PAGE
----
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There has been a lot of recent discussion about making two major changes to NHLer’s equipment. One: mandatory visors. Two: smaller goalie pads. Like all big alterations, there are pros and cons to each side, so let’s break some of them down.

Mandatory Visors

After the Marc Staal incident on March 5, the talks about mandatory visors heated up. For those of you who haven’t seen this gruesome injury, the New York Rangers alternate captain took a puck to the eye in front of his own net. If he had been wearing a visor, chances are this injury would not have happened. Whenever these types of incidents happen, it’s definitely one more reason to consider mandating visors.


USA Today

On the other hand, though, there are times where visors could actually be unsafe. One of the most significant is during fights. Naturally, you can’t have a fight with guys wearing visors, which would mean they would have to remove their helmets entirely. This makes the players’ heads vulnerable if they fall.

Another argument made against visors is that players are used to not wearing them. And that forcing them to start can mess with their vision. They’re used to seeing the game a certain way and putting anything in front of their eyes will take some adjusting. When put in perspective, though, it seems like an inadequate argument. If it’s a matter of getting used to a shield or risking your eyesight, it is a relatively easy decision.

About 73 percent of players currently wear visors voluntarily—so the change would not impact the majority of players. If they decide to grandfather the rule, it would also only affect the players coming into the league after it is implemented.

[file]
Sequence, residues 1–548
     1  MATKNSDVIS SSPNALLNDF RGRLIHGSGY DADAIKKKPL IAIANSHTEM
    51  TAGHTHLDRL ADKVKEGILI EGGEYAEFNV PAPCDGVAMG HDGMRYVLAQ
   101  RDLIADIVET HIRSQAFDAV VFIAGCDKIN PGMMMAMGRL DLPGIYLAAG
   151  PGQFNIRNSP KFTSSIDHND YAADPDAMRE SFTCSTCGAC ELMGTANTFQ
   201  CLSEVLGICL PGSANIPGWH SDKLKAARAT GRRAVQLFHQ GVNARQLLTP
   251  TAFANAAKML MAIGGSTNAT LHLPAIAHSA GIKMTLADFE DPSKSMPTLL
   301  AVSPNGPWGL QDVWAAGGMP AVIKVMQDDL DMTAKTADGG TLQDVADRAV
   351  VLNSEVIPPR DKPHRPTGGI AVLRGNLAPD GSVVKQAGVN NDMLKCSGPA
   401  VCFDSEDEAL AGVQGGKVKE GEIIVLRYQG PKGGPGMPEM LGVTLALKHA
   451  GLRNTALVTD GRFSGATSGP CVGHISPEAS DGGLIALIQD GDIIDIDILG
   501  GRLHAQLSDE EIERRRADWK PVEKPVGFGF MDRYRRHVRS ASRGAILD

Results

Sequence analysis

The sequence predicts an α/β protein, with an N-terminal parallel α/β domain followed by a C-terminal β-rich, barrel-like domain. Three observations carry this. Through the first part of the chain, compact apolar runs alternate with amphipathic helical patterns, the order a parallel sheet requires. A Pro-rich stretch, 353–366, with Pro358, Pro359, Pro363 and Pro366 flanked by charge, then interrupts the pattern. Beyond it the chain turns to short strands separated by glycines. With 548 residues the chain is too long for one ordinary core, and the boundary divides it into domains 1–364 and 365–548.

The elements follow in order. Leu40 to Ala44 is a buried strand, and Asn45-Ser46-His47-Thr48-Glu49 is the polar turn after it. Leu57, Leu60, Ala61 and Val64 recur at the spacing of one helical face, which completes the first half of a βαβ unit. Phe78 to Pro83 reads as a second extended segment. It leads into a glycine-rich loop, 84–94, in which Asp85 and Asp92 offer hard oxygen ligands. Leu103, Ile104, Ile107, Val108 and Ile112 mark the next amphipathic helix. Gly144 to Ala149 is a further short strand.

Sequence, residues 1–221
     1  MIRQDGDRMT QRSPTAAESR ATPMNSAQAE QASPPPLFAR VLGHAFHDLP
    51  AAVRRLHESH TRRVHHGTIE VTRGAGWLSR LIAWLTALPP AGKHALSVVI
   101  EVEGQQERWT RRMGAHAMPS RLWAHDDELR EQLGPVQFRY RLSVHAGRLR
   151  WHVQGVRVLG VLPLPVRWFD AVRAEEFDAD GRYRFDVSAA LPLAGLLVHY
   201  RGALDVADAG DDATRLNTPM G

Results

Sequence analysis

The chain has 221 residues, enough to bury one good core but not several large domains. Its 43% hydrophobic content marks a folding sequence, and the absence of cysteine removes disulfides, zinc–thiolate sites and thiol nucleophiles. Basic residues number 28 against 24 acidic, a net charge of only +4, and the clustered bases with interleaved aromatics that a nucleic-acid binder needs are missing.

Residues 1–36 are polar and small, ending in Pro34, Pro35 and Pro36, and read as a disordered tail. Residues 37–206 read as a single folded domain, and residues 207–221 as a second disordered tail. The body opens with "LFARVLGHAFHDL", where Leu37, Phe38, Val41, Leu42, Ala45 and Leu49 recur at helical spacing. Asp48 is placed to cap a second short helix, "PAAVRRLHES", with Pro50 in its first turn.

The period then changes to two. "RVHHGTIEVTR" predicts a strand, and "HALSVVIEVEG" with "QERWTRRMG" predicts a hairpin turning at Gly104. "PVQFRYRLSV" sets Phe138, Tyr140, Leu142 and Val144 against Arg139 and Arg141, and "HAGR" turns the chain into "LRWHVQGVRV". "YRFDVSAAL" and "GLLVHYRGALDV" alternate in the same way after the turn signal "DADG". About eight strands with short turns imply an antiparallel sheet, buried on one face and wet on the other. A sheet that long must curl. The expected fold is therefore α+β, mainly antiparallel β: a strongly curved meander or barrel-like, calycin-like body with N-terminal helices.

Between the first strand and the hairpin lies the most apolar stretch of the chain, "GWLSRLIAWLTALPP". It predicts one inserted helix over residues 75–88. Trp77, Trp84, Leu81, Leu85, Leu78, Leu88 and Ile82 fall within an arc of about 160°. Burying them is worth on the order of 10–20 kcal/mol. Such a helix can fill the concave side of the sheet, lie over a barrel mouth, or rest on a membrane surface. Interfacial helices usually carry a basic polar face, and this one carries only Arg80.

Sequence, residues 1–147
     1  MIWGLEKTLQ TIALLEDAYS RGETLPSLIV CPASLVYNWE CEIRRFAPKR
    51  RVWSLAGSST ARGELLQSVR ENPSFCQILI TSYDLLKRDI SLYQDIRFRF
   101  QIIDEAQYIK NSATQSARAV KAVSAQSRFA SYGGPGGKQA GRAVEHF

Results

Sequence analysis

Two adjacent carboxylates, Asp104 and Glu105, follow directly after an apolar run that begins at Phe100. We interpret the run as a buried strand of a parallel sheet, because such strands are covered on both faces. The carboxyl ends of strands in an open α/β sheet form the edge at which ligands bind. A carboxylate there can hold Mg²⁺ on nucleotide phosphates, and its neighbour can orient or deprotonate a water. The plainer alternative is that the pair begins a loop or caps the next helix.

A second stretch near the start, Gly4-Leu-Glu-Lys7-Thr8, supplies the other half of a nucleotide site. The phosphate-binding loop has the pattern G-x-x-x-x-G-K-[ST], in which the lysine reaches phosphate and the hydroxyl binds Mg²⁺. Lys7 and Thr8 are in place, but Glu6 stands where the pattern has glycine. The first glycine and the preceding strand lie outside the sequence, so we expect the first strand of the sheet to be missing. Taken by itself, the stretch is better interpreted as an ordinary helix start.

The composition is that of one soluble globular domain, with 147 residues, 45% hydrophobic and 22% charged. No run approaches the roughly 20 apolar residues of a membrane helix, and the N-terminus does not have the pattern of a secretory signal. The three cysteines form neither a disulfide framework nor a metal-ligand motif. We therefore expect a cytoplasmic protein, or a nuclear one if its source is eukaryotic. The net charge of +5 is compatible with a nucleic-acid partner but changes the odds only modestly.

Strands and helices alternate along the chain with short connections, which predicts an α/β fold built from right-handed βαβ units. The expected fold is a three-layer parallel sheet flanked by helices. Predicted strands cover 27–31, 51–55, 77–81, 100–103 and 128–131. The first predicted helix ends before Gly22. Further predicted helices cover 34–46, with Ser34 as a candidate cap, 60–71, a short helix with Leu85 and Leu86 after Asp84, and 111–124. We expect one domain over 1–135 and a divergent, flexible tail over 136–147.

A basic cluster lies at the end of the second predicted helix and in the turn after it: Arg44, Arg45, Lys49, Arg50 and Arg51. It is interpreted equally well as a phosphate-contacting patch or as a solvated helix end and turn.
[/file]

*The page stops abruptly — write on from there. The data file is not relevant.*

Verdict: Thumbs up on the visors. Save the eyes!

Smaller Goalie Pads

The second alteration that has been discussed is making the size of goalie pads smaller. The main change would be about two inches off the height of the pads. As of now, the pads are allowed to take up 55 percent of the goalie’s leg. Their aim is to try to find a lower percentage that still provides enough protection.

In short, the debate is between maintaining goalie safety and wanting more scoring in the game.

For the past 60 years the average number of goals scored in a game has fluctuated between 5 and 8. Quanthockey.com has a great graph showing the average number of goals scored since the very beginning. The size of goalie pads has been increasing throughout the years, which is most likely the reason for the slight decrease since the 80’s. Maybe it’s time to simply keep the pads at the size they are now. Stop increasing their size, and don’t begin to decrease them either.

While it’s true that goalies are getting bigger and, in turn, getting bigger pads, players are also getting more offensively skilled and finding more ways to score. Sure, the most common reason that non-hockey fans give for not watching the game is that there isn’t enough scoring. But why should we alter the rules of the game just to gain more fans? Especially if it puts the safety of our goalies at risk. Hockey isn’t about high scoring games. Everyone’s used to the game ending somewhere around 3-2, and for most true hockey fans this isn’t an issue and never will be.

Verdict: At least not yet. There are more important changes to worry about. (ie: realignment, iffy suspensions and non-suspensions, icing rules)

Pink Puck Contributor. Dani is currently attending Penn State University and majoring in Public Relations. She hopes to use that degree somewhere in the sports field (specifically hockey, of course). Even though she’s from New Jersey, the Devils will always come second to her Boston Bruins. Living in a family full of Devils fans and college full of Penguins fans, her Bruins memorabilia is often chirped– but she accepts that’s what you get when you cheer for an out-of-state team. She loves following the game no matter who’s playing, though. Twitter: @DaniSanGiacomo


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